This survey represents an early snapshot of the economy of rural agriculturally and energy-dependent portions of the nation. The Rural Mainstreet Index (RMI) is a unique index covering 10 regional states, focusing on approximately 200 rural communities with an average population of 1,300. It gives the most current real-time analysis of the rural economy. Goss and Bill McQuillan, former chairman of the Independent Community Banks of America, created the monthly economic survey in 2005.
Below are the state reports:
Colorado: Colorado’s Rural Mainstreet Index (RMI) for August fell to 55.8 from 57.3 in July. The farmland and ranchland-price index expanded to 45.1 from July’s 43.2. Colorado’s hiring index for August soared to 69.5 from July’s 60.8. Colorado’s 2017 export of agriculture commodities was $109.4 million.
Illinois: The August RMI for Illinois declined to 54.1 from 57.9 in July. The farmland-price index rose to 45.0 from July’s 43.0. The state’s new-hiring index jumped to 68.4 from last month’s 61.2. According to Jim Eckert, president of Anchor State Bank in Anchor, “Moisture is short in our area. Corn looks good, but producers think yields will be down somewhat from last year. Soybeans could still benefit from rain.” Illinois’s 2017 export of agriculture commodities was $2.9 billion.
Iowa: The August RMI for Iowa climbed to 56.8 from 56.0 in July. Iowa’s farmland-price index for August rose to 44.1 from July’s 42.1. Iowa’s new-hiring index for August jumped to 59.1 from July’s 50.1. Iowa’s 2017 export of agriculture commodities was $1.5 billion.
Kansas: The Kansas RMI for August slipped to 56.3 from July’s 56.9. The state’s farmland-price index increased to 45.3 from 43.0 in July. The new-hiring index for Kansas rocketed to 71.7 from 58.8 in July. Kansas’s 2017 export of agriculture commodities was $1.6 billion
Minnesota: The August RMI for Minnesota dipped to 53.1 from July’s 54.8. Minnesota’s farmland-price index rose to 44.0 from 42.1 in July. The new-hiring index jumped to 59.0 from July’s 50.4. Pete Haddeland, CEO of the First National Bank in Mahnomen, said, “Crops look good; prices not so good.” Minnesota’s 2017 export of agriculture commodities was $621.4 million.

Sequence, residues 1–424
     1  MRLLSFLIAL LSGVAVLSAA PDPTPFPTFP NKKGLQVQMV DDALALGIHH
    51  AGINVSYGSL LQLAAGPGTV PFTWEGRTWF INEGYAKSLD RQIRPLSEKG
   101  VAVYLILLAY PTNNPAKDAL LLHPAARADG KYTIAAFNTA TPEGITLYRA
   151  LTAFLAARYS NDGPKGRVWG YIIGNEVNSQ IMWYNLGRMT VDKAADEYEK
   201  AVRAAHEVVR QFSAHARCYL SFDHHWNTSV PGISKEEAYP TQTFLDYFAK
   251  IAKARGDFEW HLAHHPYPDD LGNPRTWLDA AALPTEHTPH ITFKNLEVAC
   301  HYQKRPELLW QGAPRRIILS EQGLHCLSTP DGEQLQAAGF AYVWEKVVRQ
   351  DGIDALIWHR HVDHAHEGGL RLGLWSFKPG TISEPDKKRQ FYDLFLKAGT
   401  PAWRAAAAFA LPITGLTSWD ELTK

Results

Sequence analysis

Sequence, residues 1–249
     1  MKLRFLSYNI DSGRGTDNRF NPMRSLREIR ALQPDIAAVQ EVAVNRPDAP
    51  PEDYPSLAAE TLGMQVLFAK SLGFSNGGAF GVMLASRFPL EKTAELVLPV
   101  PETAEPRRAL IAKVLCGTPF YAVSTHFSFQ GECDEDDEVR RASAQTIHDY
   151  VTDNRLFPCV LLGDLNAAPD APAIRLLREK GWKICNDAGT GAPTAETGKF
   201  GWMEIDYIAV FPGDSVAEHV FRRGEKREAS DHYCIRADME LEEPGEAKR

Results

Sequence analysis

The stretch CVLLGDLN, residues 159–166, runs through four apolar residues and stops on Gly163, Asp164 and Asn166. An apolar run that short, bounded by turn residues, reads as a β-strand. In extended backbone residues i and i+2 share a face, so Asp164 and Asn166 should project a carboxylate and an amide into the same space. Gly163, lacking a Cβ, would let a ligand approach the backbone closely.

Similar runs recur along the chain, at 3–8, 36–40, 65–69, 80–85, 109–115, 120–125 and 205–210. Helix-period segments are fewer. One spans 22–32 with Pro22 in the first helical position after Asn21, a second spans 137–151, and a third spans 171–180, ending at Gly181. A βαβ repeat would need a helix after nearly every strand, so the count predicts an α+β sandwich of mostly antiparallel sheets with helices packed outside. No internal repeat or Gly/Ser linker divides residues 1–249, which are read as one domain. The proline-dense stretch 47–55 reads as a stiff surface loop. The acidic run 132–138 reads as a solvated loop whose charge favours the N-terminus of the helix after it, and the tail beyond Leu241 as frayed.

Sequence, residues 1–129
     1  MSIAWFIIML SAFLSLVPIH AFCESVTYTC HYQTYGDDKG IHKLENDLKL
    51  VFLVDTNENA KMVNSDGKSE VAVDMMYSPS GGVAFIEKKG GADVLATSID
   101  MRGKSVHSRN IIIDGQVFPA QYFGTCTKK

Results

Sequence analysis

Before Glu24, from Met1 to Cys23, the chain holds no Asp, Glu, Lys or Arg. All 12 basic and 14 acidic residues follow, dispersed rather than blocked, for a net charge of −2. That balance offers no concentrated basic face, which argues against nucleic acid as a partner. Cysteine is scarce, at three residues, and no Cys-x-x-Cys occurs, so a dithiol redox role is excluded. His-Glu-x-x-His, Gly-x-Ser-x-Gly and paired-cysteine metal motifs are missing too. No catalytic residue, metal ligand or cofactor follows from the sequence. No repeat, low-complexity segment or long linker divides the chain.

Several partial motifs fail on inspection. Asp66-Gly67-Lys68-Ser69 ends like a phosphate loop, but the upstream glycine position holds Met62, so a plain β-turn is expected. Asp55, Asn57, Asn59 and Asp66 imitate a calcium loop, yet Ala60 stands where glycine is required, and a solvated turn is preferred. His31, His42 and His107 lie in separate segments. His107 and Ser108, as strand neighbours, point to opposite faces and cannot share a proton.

Missouri: The August RMI for Missouri fell to 56.4 from 58.7 in July. The farmland-price index for the state increased to 45.3 from July’s 43.7. Missouri’s new-hiring index for August climbed to 72.0 from July’s 66.1. Missouri’s 2017 export of agriculture commodities was $498.7 million.
Nebraska: The Nebraska RMI for August sank to 55.2 from 56.3 in July. The state’s farmland-price index increased to 44.9 from last month’s 43.7. Nebraska’s new-hiring index rose to 67.4 from 56.5 in July. Nebraska’s 2017 export of agriculture commodities was $918.6 million.
North Dakota: The North Dakota RMI for August advanced to 52.4 from July’s 51.2. The state’s farmland-price index moved higher to 43.8 from 40.7 in July. The state’s new-hiring index increased to 56.1 from 36.3 in July. North Dakota’s 2017 export of agriculture commodities was $462.7 million.
South Dakota: The August RMI for South Dakota remained above growth neutral but fell to 55.4 from July’s 56.3. The state’s farmland-price index increased to 44.9 from July’s 42.7. South Dakota’s new-hiring index climbed to 67.8 from 56.5 in July. South Dakota’s 2017 export of agriculture commodities was $40.4 million.
Wyoming: The August RMI for Wyoming fell to 56.4 from July’s 57.1. The August farmland and ranchland-price index advanced to 45.4 from July’s 43.1. Wyoming’s new-hiring index soared to 72.1 from 59.9 in July. Wyoming’s 2017 export of agriculture commodities was $4.9 million.
Tables 1 and 2 summarize the survey findings. Next month’s survey results will be released on the third Thursday of the month, Sept. 20.
Source: Creighton University